This is all about getting your cat chipped.
Have you often thought about having your cat chipped?
Are you unsure whether it makes sense for you and your cat?
Everything you need to know about cat microchips – how the chip works, how and where it’s inserted, how it is read it and the advantages of cat chipping you can find out here!
Is a cat chip useful?
Does your cat always carry its identity card around with it? Not likely!
A cat chip is like a feline identity card: it indicates who owns the cat and its address. This is especially important if your cat has run away or can no longer find its way home.
So is a cat microchip only useful for outdoor cats? It’s also a good idea for indoor cats! While outdoor cats usually find their way home on their own, indoor cats are quickly overwhelmed by what they encounter outside.
How does a cat chip work?
A cat chip – a small microchip implanted in your cat by a vet – records where your cat belongs. If your cat gets lost and is found, the code on the chip (a 15-digit registration number) shows your stored data and the cat can be identified. It quickly becomes clear that the cat belongs to you!
Cat collar, tattoo or chipping?
Es gibt verschiedene Möglichkeiten, Deiner Katze einen Samtpfoten-Ausweis mitzugeben, damit sie schnell identifiziert werden kann, falls Du sie vermisst.
You can put a cat collar on her, tattoo her on the ear or have her chipped. A tattoo on the ear is given to cats under anaesthetic, but can fade over time. A collar with an address tag is not safe – the cat can strangle itself with it.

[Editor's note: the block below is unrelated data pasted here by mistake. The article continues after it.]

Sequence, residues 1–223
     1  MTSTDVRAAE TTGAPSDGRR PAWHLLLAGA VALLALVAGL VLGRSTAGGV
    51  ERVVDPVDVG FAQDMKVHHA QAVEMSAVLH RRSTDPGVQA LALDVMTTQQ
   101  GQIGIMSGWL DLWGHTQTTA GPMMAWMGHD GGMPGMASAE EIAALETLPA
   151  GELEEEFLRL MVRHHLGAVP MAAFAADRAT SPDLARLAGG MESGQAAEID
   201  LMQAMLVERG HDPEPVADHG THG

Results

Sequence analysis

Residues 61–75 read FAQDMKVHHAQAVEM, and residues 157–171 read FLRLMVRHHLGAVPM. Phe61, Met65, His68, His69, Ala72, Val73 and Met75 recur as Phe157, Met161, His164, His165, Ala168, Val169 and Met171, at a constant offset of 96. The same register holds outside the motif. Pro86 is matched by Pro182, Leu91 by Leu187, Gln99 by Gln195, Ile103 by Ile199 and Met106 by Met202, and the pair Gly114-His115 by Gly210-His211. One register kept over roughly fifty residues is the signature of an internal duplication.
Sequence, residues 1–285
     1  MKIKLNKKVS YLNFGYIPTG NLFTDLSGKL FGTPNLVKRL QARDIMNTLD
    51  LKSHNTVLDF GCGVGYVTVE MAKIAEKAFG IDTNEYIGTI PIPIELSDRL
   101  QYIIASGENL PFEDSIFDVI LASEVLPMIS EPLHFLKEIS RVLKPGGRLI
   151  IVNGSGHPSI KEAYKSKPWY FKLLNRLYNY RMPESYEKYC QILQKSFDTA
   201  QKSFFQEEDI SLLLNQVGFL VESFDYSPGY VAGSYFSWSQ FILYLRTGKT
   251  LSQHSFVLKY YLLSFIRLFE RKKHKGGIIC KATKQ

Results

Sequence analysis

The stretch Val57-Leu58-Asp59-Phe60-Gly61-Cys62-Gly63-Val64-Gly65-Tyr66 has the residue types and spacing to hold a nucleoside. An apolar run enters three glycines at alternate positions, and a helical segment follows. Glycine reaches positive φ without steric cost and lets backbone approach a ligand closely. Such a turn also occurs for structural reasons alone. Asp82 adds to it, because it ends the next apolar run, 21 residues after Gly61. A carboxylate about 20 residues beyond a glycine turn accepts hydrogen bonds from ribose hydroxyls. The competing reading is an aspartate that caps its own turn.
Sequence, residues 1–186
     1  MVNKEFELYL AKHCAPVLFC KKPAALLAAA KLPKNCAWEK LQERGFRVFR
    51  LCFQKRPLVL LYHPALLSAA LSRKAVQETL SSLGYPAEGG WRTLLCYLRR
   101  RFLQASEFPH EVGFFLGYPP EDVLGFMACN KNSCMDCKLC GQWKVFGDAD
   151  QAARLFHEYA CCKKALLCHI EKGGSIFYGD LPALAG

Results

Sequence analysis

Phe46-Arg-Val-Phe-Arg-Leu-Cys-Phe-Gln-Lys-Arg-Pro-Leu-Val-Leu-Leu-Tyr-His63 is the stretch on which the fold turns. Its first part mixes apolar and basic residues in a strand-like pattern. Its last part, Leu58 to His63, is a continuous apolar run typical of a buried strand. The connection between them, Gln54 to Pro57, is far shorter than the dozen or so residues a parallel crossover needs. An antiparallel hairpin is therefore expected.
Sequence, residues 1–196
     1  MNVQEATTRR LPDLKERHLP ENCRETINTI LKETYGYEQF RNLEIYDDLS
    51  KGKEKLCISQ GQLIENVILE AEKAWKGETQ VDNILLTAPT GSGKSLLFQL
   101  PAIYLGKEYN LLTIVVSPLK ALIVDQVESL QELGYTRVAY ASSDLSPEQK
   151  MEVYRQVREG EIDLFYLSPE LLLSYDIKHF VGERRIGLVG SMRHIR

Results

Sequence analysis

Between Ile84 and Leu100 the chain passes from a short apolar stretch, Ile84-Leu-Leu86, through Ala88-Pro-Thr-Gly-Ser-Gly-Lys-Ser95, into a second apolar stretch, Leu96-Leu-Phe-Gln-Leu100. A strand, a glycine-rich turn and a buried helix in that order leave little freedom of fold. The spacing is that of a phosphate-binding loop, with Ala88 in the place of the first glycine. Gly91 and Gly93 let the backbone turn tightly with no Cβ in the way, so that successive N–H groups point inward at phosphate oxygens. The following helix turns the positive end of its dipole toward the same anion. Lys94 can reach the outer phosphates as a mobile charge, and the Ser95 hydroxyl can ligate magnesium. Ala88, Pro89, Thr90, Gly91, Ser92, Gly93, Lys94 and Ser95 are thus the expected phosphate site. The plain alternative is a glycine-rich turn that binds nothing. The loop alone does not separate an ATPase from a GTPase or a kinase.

Advantages of a cat microchip
As it has some advantages over collars and tattoos, many cats are routinely chipped. A cat microchip is virtually indestructible, does not need to be renewed or replaced; does not require electricity and becomes active only when a chip reader comes near. The cat chip is tiny, does not interfere with the cats’ movements and is made of material that is usually well tolerated by a cat’s body.
Important questions about chipping cats
Would you like to have your cat chipped, but still have some questions you’d like answered first? Here’s some basic information that may make your decision a little easier:
- Must you chip?
- Is it expensive?
- What are the costs of chipping?
- Is the procedure painful for my cat?
- At what age can cats be implanted with a chip?
How much does cat chipping cost?
If you have your cat chipped at the vet, you will incur costs of around 30 to 60 euros including the implantation fee. This can vary somewhat depending on the vet and the microchip. According to their fee scale, vets charge an average of 5.72 euros for implanting a microchip in a cat. Most of the overall cost is the microchip itself, depending on the model.
Is cat chipping mandatory?
If your cat travels abroad in Europe, it must be vaccinated, chipped and have its EU pet passport or a valid vaccination certificate. This has been the law since 2012, so it’s mandatory, otherwise your cat cannot enter the country concerned. In certain municipalities there are spay/neuter, identification and registration requirements for cats. Otherwise, you are not legally obliged to have your cat chipped.
Is chipping painful for a cat?